Heavy Smoke From Fuller Fire Impacting Residents of Western Navajo Nation

Northern rimPublished July 16, 2016

NORTH RIM-The Fuller Fire is burning on the North Rim near Point Imperial on the Grand Canyon National Park. The fire is also burning north onto the Kaibab National Forest area. The fire is growing in an easterly and northeasterly direction. As of current, the fire has not reached the Navajo Nation but it has been reported that heavy smoke is impacting the areas of Cameron, Bodaway/Gap, Coppermine, Kaibeto, Inscription House, Shonto and Kayenta.

Residents in these areas are advised to take precautionary measures in anticipating or dealing with smoke inhalation.

• Use common sense. If it looks smoky outside, try and stay indoors and keep your children from playing outdoors.

• Pay attention to local air quality reports. Stay alert to smoke-related news coverage or health warnings.

• Visit www.airnow.gov to find out the Air Quality Index in your area. As smoke gets worse, the amount of particles in the air changes. Always protect yourself. AirNow recommends precautions you can take to protect your health when air pollution gets bad.

• If you are advised to stay indoors, take steps to keep indoor air as clean as possible. When smoke levels are high, try to avoid using anything that burns, such as wood fireplaces, gas logs, gas stoves and even candles. Don’t vacuum. That stirs up particles already inside your home. Don’t smoke. That puts even more pollution in your lungs, and in the lungs of people around you.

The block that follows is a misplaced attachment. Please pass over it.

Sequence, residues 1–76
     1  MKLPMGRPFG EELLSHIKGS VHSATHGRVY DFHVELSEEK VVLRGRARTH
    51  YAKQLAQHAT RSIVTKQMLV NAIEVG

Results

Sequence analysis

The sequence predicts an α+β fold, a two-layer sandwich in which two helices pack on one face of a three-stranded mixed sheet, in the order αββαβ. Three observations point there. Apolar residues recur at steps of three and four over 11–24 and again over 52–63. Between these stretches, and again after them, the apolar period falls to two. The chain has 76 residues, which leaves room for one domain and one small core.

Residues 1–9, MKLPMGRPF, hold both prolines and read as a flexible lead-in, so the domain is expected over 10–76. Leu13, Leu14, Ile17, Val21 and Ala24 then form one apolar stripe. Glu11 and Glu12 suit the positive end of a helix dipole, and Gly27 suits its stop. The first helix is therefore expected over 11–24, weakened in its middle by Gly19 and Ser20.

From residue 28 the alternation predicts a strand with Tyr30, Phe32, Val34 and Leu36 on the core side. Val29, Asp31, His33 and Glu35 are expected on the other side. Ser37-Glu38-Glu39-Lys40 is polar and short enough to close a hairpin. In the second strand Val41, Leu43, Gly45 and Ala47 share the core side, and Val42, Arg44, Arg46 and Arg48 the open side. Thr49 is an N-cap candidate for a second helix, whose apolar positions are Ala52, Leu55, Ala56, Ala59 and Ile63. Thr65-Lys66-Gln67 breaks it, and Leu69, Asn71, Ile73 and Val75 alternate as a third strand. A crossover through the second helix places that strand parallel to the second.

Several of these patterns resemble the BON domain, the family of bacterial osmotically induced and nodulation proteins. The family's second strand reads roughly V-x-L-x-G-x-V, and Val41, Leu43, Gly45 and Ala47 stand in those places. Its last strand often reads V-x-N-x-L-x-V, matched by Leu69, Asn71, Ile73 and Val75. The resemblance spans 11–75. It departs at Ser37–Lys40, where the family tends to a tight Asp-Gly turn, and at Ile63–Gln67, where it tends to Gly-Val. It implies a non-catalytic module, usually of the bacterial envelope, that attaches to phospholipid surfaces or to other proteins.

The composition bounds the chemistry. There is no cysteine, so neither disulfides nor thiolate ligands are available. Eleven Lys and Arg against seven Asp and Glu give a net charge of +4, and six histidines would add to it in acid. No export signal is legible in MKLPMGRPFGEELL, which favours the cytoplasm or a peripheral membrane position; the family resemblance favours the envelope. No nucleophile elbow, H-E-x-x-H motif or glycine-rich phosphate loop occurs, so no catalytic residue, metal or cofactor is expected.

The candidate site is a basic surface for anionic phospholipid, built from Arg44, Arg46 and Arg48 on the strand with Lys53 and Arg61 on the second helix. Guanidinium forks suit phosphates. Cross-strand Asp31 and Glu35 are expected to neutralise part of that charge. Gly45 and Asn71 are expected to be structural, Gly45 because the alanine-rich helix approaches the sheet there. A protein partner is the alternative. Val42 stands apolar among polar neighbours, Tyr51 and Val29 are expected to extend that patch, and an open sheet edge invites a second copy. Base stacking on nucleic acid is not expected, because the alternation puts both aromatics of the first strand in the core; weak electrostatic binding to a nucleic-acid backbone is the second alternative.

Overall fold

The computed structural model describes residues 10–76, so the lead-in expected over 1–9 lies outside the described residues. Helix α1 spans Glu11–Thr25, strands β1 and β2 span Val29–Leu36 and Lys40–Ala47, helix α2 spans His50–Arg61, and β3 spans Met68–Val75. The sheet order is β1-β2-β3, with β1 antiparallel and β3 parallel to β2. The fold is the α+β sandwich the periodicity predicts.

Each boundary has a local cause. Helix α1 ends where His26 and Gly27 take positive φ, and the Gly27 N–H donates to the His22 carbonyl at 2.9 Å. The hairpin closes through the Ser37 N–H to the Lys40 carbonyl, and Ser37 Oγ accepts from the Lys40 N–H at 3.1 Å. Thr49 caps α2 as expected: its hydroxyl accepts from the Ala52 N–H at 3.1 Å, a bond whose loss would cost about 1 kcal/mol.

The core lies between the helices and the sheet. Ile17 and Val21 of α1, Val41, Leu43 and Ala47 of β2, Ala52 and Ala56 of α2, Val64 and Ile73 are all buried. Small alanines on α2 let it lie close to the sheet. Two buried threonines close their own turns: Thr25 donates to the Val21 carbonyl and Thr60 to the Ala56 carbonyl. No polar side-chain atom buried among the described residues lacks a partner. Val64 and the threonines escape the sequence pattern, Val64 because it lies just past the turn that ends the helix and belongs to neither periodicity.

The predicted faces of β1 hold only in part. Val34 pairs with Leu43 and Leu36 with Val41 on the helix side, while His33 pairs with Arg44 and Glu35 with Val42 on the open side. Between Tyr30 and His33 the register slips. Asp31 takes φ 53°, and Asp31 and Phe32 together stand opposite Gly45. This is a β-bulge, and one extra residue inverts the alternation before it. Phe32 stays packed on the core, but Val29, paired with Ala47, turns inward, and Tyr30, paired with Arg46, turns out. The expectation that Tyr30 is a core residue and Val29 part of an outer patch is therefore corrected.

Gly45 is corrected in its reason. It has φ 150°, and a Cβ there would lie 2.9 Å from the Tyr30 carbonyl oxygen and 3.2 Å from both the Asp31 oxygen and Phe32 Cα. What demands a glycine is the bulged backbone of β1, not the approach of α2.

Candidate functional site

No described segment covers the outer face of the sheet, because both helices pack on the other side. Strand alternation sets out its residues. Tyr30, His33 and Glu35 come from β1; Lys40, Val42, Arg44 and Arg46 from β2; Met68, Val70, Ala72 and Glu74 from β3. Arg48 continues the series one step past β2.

• If you have asthma or other lung disease, make sure you follow your doctor’s directions about taking your medicines and following your asthma management plan. Call your doctor if your symptoms worsen.

• Run your air conditioner if you have one. Keep the fresh air intake closed and the filter clean to prevent bringing additional smoke inside. Note: If you don’t have an air conditioner, staying inside with the windows closed may be dangerous in extremely hot weather. In these cases, seek alternative shelter.

• If you have heart or lung disease, if you are an older adult, or if you have children, talk with your doctor about whether and when you should leave the area. When smoke is heavy for a prolonged period of time, fine particles can build up indoors, even though you may not be able to see them.

• Precautions. If you see, smell or taste smoke and it is affecting you and your family consider some of the following actions: • If you are beginning to experience symptoms, consider temporarily locating to another area as long as it is safe for you to do so. Stay indoors with doors and windows closed.

• Run the air conditioning on recirculate with a clean filter or the fan feature on your home heating system with the heat turned off. The filtration systems on home systems can provide some benefit.

• Run room air filtration units that use HEPA filters.

• Reduce your physical activity. Do not exercise. If symptoms persist or become more severe, please contact your primary health care provider – even persons considered healthy can experience symptoms when exposed to smoke.

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